Yeah, if you’re a member of a synagogue that you know has archives or collections, and you want to go look around for us or introduce us to who’s in charge of their archives, that would be amazing. We’ve worked with a synagogue in Richmond so far, a synagogue in Philadelphia. That is definitely one of our major outreach points. Eliza’s been working, contacting a lot of synagogues, because we know they have such rich resources, especially for these guys we can’t find a lot of documentation. Generally, obviously, if they’re hanging out in a synagogue, they’re Jewish, and that’s amazing.
But yeah, again we can use your help, absolutely.
We have a question from Howard about South Carolina soldiers and how many that we found in Greenville in particular. So I am currently working in South Carolina, and the names, I can’t give you an exact number yet. It changes literally every day. At least hundreds of soldiers from South Carolina, maybe more. We’re not sure yet. Greenville, I can’t look right now while I’m sitting here, but we have at least a few soldiers from Greenville.
Is that Tuscaloosa?
Yeah, exactly. Yes, we have soldiers from South Carolina. And since I’ve been working in the state with the names that we already had, I’ve been able to add tons of new soldiers that Wolf missed in his roster. We have a lot of families that had maybe one brother listed by Wolf, and he had four or five other brothers that also served with him that were missed by Wolf. So we’re adding every day. And we love to see new names. So if you know of anyone else in South Carolina-
Yeah, let us know.
One of the resources that gave me a really good understanding of how it was in the south was there was a diary account and I don’t remember, I don’t believe it was by a Jewish soldier. But they talked about in fact, I know it was a Union non Jewish soldier. And he talked about his regiment coming into Savannah. And how the only males in Savannah at that moment were old, blind and crippled men and males in short pants, i.e. children. And what that visually created for me, was this idea of did you really want to be the only able bodied man in your town who wasn’t in a regiment? And I’m pretty sure that answer is no. So if you have these really large families, and so we’re seeing in families all the brothers, all the fathers, all the uncles, all the cousins, my expectation in the south is within a family that’s going off to work, I would be surprised to find an able bodied male who wasn’t in a regiment. That would surprise me more.
The Confederacy had a hefty draft as well. The Union had a draft. It happened. And then it kind of flowed, the Confederate had multiple waves of drafting people. They kept expanding the age limits or the age range of people they were pulling in. And even if you weren’t able bodied to serve, once they figured out you had potentially skills they still want to use, like we have a guy who was in his 40s, he gets drafted, they find out he’s a shoemaker. It’s like he can’t march, he’s not able bodied enough to actually fight. They send him to Richmond to make shoes. So a lot more guys end up getting pulled in to the Confederacy that way than we have on the Union side as well.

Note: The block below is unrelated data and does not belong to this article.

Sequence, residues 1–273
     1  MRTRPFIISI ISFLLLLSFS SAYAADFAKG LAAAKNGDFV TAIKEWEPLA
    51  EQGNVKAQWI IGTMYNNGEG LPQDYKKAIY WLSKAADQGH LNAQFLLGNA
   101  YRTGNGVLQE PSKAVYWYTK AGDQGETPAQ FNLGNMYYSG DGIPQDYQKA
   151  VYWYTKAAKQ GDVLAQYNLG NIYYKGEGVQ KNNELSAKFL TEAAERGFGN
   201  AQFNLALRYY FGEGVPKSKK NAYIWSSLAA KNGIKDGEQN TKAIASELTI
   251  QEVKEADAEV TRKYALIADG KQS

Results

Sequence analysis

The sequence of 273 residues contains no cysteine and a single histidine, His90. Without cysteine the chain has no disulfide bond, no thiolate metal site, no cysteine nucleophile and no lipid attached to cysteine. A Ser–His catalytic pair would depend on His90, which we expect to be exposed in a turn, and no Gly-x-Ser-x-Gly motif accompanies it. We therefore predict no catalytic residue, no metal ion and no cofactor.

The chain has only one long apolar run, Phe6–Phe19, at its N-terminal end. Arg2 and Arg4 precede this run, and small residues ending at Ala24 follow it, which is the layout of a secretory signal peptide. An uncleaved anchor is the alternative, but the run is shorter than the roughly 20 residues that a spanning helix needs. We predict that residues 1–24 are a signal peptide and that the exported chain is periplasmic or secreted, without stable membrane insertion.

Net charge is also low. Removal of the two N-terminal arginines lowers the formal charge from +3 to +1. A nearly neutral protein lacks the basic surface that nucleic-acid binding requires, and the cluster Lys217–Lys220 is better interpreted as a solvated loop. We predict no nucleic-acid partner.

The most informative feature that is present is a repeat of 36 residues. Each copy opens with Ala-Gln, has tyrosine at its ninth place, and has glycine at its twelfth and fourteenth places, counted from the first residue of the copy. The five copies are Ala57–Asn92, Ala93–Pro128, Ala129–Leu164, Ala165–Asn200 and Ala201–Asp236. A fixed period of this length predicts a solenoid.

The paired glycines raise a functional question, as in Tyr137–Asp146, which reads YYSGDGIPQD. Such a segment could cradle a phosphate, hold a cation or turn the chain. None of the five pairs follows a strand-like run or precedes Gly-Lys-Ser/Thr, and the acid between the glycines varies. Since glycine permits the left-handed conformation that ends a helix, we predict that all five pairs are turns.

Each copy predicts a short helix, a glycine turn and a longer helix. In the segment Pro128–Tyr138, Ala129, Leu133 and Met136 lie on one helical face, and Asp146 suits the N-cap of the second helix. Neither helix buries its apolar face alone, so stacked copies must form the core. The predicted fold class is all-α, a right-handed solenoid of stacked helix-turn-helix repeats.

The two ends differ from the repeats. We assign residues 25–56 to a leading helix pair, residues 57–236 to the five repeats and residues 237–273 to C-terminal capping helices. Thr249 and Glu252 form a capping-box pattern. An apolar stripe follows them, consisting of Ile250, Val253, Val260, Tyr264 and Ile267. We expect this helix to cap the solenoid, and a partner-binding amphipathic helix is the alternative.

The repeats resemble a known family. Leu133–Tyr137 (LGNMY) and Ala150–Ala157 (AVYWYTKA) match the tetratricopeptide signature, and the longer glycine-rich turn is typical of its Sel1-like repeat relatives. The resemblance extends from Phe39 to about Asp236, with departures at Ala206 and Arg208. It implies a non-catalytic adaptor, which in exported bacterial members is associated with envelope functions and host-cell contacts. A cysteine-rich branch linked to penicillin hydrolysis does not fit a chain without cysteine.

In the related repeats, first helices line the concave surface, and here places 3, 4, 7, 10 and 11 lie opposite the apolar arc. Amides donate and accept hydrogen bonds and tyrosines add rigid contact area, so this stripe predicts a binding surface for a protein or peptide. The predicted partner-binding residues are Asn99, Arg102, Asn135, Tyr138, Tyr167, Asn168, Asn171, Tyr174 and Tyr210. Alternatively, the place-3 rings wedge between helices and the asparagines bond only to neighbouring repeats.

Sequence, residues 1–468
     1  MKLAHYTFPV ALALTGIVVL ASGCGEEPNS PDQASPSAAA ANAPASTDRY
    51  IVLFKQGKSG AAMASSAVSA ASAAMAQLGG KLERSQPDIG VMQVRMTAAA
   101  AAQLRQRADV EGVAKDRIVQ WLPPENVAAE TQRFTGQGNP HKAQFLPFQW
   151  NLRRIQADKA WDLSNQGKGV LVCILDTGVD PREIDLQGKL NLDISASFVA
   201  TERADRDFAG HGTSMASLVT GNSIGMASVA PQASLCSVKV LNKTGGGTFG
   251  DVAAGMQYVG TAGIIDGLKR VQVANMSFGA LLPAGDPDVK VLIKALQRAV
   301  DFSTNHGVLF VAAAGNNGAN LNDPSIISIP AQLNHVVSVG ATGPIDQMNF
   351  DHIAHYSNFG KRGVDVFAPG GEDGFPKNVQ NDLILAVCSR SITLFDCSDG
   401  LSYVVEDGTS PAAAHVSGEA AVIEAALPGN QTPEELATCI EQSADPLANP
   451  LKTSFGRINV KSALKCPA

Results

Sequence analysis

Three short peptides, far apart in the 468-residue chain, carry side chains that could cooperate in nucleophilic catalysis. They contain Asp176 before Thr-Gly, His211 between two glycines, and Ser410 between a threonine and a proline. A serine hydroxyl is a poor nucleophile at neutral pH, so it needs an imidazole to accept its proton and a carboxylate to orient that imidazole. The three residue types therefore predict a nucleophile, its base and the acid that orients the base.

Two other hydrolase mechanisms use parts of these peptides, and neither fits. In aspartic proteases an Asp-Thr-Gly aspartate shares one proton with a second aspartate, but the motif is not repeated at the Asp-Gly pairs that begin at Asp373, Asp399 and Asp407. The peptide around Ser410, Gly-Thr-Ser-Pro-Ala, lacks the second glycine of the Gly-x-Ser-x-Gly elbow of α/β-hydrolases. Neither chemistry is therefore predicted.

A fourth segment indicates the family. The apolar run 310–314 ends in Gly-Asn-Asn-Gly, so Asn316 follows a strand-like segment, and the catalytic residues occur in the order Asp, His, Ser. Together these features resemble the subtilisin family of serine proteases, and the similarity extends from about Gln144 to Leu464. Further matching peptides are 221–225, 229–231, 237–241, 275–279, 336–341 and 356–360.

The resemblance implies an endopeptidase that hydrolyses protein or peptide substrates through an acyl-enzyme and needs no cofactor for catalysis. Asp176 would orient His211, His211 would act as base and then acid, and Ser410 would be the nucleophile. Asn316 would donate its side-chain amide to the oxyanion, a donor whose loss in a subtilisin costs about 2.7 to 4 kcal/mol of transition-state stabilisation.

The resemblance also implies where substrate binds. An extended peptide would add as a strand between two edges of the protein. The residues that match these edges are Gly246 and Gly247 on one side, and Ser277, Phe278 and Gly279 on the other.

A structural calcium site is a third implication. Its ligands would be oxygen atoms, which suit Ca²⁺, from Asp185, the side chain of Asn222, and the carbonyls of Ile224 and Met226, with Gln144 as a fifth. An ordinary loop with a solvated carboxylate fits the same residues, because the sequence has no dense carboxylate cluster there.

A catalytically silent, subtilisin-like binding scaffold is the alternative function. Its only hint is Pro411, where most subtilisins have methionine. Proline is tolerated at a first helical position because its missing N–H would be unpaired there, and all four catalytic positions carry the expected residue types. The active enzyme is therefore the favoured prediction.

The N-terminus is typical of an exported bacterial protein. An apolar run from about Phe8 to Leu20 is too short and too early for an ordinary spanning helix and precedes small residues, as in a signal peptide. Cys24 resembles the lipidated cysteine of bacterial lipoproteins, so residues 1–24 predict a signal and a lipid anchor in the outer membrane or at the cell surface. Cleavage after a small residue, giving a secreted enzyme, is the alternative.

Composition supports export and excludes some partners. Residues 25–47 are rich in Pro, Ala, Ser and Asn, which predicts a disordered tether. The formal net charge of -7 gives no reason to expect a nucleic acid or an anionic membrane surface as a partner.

Are you including men in your list who served during the war in a position other than being a soldier in a regiment? My great grandfather, David Mayer served as a supply officer for the governor of Georgia.
So I’ve read about David Mayer, very cool guy. That’s awesome. We are currently kind of figuring out how we want to include people like that, if they were officially enlisted into the Confederate Army as a supply officer, so like they worked with the Department of Subsistence, or the Quartermaster Department, and they’re actually officers within those, they definitely are in the database, there’s no question about that. We also have guys like sutlers, whose names we are collecting. We’re really interested in them. We’re in the process of determining how to display them in our database, how to make that information available. We need to do more in the process of researching David Mayer. So if you have more information, and you want to talk to us, we’d love to talk to you about him, because we’re figuring out which of those categories he fits into now.